Cognitive Neuroscience Aging & Brain Health
My research is into aspects of human memory and attention, including changes in these functions across the adult life span. In terms of theoretical approaches, I take the view that memory processes are activities of the mind and brain as opposed to structural 'things in the head'. By this view, the processes of acquiring information ('encoding') and using or re-experiencing that information later ('retrieving') are mental and neural activities, much as is the case with perceiving and thinking. In an early paper with Robert Lockhart we proposed a 'levels of processing' framework for memory research, stressing this active approach and making the case that 'deeper' semantic processes are the ones associated with best subsequent memory performance. I have conducted a number of experimental studies over the past 30 years to illustrate and confirm this point of view. We have shown for example that memory performance can vary as much as 400% (a fourfold increase) depending simply on the type of processing that is carried out at the time of initial acquisition. Results from other labs have also shown that a second major factor is the similarity between encoding operations and subsequent retrieval operations -- greater similarity means better performance.
More recently I have been involved in work exploring the brain correlates of these effects using the functional neuroimaging facilities at the Rotman Institute. Several studies have now shown that the benefits to memory found with deep semantic processing are associated with neural activity in the ventral areas of the left prefrontal cortex.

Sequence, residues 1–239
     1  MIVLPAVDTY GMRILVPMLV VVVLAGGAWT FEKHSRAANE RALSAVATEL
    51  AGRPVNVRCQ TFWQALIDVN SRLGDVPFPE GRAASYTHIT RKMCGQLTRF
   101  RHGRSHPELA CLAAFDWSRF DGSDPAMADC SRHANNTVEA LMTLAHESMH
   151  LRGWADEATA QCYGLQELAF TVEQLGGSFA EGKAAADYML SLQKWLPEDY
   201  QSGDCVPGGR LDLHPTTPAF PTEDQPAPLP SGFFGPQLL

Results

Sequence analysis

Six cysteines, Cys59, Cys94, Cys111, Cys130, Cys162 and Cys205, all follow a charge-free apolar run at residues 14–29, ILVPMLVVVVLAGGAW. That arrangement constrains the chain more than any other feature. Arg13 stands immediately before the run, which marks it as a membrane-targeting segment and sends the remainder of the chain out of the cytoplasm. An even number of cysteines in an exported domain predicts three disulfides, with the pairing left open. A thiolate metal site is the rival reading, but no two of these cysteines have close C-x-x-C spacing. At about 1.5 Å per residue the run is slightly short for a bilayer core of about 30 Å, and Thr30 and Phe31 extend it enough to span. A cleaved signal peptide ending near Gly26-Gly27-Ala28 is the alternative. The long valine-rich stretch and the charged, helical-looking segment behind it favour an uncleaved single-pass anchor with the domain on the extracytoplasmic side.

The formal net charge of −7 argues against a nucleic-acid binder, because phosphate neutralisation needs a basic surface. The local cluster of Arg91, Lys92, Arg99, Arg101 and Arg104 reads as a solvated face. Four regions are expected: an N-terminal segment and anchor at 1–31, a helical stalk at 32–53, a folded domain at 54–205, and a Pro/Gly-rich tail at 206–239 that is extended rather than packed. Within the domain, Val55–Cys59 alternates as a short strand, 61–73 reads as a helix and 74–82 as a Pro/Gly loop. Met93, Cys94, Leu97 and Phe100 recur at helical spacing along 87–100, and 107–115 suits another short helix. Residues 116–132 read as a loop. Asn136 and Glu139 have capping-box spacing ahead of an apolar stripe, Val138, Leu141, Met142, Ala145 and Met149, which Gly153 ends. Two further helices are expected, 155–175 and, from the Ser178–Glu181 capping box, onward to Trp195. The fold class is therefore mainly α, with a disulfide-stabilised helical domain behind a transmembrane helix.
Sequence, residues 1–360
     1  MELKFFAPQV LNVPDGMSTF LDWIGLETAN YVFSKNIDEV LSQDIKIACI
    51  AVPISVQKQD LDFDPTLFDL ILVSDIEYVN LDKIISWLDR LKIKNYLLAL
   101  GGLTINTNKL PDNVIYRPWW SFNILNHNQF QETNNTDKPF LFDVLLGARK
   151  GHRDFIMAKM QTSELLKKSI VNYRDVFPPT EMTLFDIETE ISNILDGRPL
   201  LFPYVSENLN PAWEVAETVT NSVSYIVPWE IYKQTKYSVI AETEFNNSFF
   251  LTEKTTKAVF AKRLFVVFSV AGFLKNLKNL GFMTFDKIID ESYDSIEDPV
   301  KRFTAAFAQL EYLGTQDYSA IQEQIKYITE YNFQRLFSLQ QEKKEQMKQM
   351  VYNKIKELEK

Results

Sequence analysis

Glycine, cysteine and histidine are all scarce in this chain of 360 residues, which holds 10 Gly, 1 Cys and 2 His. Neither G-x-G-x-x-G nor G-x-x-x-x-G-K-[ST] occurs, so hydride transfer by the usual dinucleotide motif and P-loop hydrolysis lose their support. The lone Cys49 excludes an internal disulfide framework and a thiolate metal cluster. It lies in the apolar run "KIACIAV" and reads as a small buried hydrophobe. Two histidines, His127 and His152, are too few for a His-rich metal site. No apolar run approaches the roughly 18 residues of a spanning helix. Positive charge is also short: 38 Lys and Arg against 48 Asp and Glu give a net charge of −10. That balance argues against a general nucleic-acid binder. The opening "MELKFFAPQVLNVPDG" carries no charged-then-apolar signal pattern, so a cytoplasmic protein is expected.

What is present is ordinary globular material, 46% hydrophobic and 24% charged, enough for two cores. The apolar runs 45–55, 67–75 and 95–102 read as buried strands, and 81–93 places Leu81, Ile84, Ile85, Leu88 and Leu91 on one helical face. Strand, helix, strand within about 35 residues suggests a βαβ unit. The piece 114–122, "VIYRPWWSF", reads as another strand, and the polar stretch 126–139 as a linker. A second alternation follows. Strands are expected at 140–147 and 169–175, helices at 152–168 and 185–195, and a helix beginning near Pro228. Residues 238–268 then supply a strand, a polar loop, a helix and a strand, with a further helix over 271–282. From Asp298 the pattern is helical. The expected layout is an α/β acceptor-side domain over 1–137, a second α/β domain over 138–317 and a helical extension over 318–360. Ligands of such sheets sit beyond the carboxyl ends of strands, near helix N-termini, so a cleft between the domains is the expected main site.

My research into memory changes with aging follows the same principles. Age-related memory problems are real, but the degree of impairment is quite variable depending on how memory is tested. The ability to recall events and facts with few aids and out of context is typically poor in older adults, whereas the ability to recognise verbal or pictorial material can be virtually at the level of a younger person. It thus seems that the ability to 'self-initiate' appropriate mental processes is difficult for older people (possibly because they involve frontal lobe functions) and that by the same token older adults profit greatly from the 'environmental support' provided by reinstating the context of original learning or by the test materials themselves, as with recognition tests. We are currently applying these ideas to the development of techniques to counteract memory failures in older people. One interesting problem relates to the nature of the benefits associated with physical activity and with long-lasting mental activities such as solving puzzles and lifelong bilingualism. These effects contribute to 'cognitive reserve' and one focus of current work is to document these effects systematically and to gain some insight into their neural correlates.
This research is supported by the Natural Sciences and Engineering Research Council of Canada, the Canadian Institutes of Health Research, and by the Alzheimer Society of Canada.